Archive for February, 2011

3 Questions to Ask Before Choosing your Post-Secondary Path: Part 1

Since the “Great Recession” took hold of our economy in 2009, thousands of laid off Canadians have decided to go back to school before re-entering the workforce.  Economic downturns can be opportune times to upgrade skills through training or higher education.  People who have been in the same job or industry for too long can transition into a new field.  Alternatively, others will use the chance to supplement their experience in their chosen field with a credential to make them more competitive.

Returning to school is a very exciting time.  It allows you to learn new skills that will help you achieve long-term goals.  It can also be an expensive and time consuming venture.  Before you make a snap decision about where to study or what program to take, here are three questions to keep in mind to ensure you are making the right choice for your career path

1. Is the school/program recongnized in the field?

2. Are the graduates working?

3. Will my choice leave the door open for further studies?

In this 3 part series, we will explore each of these questions individually.  I hope the information will shine some light on some of the common challenges I see when people are trying to set their educational goals.  By considering questions like these in the planning stages of your journey, you will feel more confident that the decision you make will be the very best one for you.

1. Is the school/program recognized in the field?

A good starting point in the educational research process is to determine whether the school or program you want to take has a strong reputation in the workforce.  Irresponsibly, many people don’t take the time to do their homework to see if their school/program is recognized in the field before they jump in feet-first.  These folks, and I’ve worked with many, can end up wasting thousands of dollars and a year or more of their time only to find out the credential they graduate with isn’t worth the paper it was printed on in their industry.

In my experience, people who don’t evaluate the reputation of their school or program thoroughly beforehand usually make one of two key mistakes:

First, some simply assume that their school of choice is recognized because it is well known.   More often than not, this information gets passed along casually through word-of-mouth.  Maybe they have a friend or family member who went to the school and had no trouble finding a job afterwards.  Or maybe a former colleague loved their experience there.  While these types of informal reviews can be encouraging, you should recognize that most people will have positive things to say about their educational experiences.  People don’t want to look foolish by admitting they should have gotten their training at a different institution.  As such, informal feedback about your post-secondary options shouldn’t be taken entirely at face value.  The opinions of employers in the industry are the ones that matter most.   You need pay attention to what they have to say instead of relying too heavily on the people in your social circle (unless, of course, they work in the field!). Some institutions are better than others at preparing students with the practical skills they need to be successful on the job.  Your chances of finding employment go up significantly if you can be certain that your school/program has a solid reputation not only in the community but in the relevant sector of the labour market as well.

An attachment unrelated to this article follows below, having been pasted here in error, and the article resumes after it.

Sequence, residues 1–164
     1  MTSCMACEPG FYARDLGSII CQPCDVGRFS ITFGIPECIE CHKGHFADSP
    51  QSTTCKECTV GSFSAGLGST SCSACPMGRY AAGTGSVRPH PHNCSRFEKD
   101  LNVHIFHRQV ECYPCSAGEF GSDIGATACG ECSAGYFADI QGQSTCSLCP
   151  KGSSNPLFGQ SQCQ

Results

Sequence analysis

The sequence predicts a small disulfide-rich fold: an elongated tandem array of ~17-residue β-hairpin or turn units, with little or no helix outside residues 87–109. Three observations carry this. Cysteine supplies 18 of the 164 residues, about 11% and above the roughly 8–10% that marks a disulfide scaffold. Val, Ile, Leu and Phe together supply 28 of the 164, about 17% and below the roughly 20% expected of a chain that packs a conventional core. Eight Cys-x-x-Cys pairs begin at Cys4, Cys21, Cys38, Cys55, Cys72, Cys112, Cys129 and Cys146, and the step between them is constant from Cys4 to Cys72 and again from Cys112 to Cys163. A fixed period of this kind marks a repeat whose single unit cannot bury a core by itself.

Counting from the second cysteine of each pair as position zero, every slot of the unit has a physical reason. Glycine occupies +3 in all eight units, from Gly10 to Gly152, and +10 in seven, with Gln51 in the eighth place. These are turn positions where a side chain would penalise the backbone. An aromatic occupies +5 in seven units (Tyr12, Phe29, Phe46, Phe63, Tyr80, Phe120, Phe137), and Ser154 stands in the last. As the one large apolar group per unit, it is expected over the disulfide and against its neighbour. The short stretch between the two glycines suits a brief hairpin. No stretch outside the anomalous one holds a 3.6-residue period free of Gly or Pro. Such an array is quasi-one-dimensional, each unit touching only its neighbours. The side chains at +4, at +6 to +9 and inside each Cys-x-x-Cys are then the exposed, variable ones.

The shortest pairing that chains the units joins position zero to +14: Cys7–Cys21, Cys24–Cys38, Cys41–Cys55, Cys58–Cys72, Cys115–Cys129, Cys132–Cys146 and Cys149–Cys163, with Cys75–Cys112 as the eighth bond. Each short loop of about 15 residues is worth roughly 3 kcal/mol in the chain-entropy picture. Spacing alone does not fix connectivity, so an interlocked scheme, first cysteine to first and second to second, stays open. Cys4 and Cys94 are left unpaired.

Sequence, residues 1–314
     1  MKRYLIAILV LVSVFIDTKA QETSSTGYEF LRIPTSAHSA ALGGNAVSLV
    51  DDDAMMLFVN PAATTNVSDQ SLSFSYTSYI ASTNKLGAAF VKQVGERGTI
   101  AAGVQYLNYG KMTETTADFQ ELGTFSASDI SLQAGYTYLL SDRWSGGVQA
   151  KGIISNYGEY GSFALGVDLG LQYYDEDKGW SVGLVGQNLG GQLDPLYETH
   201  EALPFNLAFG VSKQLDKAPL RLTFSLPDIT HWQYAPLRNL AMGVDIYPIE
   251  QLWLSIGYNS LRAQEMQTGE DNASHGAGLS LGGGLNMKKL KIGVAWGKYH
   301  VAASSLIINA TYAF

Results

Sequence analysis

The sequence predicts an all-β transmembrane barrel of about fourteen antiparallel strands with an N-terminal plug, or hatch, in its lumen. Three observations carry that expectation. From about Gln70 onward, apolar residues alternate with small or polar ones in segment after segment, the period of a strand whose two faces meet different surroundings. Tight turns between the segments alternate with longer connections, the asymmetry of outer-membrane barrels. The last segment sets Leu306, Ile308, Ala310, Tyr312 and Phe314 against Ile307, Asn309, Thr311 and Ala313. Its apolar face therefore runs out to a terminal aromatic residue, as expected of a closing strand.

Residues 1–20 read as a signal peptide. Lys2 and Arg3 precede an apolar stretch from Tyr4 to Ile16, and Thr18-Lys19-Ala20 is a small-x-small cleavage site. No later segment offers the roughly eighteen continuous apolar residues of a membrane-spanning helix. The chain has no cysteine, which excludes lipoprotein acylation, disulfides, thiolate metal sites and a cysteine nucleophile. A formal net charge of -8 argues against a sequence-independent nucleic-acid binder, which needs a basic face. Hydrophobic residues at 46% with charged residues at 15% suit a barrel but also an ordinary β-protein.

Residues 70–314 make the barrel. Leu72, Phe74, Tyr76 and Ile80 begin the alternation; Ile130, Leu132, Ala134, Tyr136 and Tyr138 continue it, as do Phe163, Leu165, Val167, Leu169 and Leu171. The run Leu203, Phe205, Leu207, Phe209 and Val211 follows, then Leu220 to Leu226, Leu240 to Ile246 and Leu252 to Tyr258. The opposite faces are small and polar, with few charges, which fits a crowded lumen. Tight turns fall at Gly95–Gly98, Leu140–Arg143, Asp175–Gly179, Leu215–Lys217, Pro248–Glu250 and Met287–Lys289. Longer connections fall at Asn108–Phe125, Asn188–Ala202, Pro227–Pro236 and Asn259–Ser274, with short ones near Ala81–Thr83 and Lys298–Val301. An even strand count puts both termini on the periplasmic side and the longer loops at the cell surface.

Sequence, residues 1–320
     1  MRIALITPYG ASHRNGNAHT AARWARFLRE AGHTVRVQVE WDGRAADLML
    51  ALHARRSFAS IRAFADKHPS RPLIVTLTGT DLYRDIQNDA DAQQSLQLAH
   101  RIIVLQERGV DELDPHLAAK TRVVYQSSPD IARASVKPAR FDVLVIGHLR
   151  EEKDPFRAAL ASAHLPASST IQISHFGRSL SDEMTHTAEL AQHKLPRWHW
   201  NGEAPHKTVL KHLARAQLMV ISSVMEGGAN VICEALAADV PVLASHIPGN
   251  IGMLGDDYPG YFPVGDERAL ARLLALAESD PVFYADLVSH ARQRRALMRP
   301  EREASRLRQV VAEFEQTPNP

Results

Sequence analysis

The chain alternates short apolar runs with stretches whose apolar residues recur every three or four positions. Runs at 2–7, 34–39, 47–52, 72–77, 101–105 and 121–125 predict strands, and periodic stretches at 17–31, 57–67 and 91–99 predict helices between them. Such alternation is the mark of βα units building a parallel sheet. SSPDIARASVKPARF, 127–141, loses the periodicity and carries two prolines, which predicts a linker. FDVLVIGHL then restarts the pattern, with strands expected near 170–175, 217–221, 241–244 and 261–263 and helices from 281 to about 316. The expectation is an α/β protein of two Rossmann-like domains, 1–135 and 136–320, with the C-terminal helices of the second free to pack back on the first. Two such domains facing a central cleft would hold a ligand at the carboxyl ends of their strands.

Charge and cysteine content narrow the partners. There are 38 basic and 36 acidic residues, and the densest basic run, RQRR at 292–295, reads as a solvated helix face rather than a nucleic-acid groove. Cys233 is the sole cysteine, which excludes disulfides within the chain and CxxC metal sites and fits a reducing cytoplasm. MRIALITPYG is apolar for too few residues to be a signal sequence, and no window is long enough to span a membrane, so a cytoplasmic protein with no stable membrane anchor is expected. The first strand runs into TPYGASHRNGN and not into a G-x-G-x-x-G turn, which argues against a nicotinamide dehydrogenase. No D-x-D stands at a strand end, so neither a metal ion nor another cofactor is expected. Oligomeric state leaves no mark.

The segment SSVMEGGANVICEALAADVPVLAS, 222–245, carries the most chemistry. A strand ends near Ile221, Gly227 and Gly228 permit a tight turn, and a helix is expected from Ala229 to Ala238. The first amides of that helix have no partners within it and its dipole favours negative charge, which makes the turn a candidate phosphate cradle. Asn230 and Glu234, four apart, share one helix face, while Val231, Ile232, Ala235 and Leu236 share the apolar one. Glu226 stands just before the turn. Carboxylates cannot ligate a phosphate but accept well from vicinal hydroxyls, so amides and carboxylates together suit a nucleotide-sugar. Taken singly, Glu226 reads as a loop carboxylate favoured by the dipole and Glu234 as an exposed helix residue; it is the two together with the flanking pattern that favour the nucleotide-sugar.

The second mistake I often see people make is putting too much emphasis on the credential itself as opposed to WHERE they go for training.  A common assumption is that it doesn’t matter what school I choose, as long as I come out with the diploma I need.  WRONG!  There are huge differences in the quality of programming at different schools.  For example, in BC public schools are usually regarded by employers more favourably than private schools.  But even if you prefer the flexibility of the private school option, you should make sure you are choosing an accredited institution because they are typically better than non-accredited schools.  The PCTIA is a great tool for determining whether a private school is accredited.

Further, just because one program at a specific school is good, this doesn’t mean that every program they offer is effective.  It is crucial to recognize that different types of schools have different specialties.  People looking to get into IT are likely to find better education at a technical school.  Someone who wants to get into community service is probably better suited to a community college setting.  You’ll find that many schools today offer a full continuum of training options for careers in multiple facets of the labour market.  Being aware of what your school does WELL is a critical consideration.  The same program at two different institutions can differ significantly.   I have seen (too) many people come across my path who went into training with the mentality that it was the credential, not the school that mattered most in their educational decision.  Sadly, many of them end up back at square one after making the wrong choice. Only now they have wasted valuable time and are thousands of dollars in debt after getting a certification from a school that has no industry pull.  No need to waste time and money, this is such an easily avoidable scenario if you have this discussion with employers first!

*Ryan Paulson is a Career & Employment Information Specialist @ Pacific Community Resources Society.  He contributes to the MyERC blog through  Connect with Ryan on LinkedIn at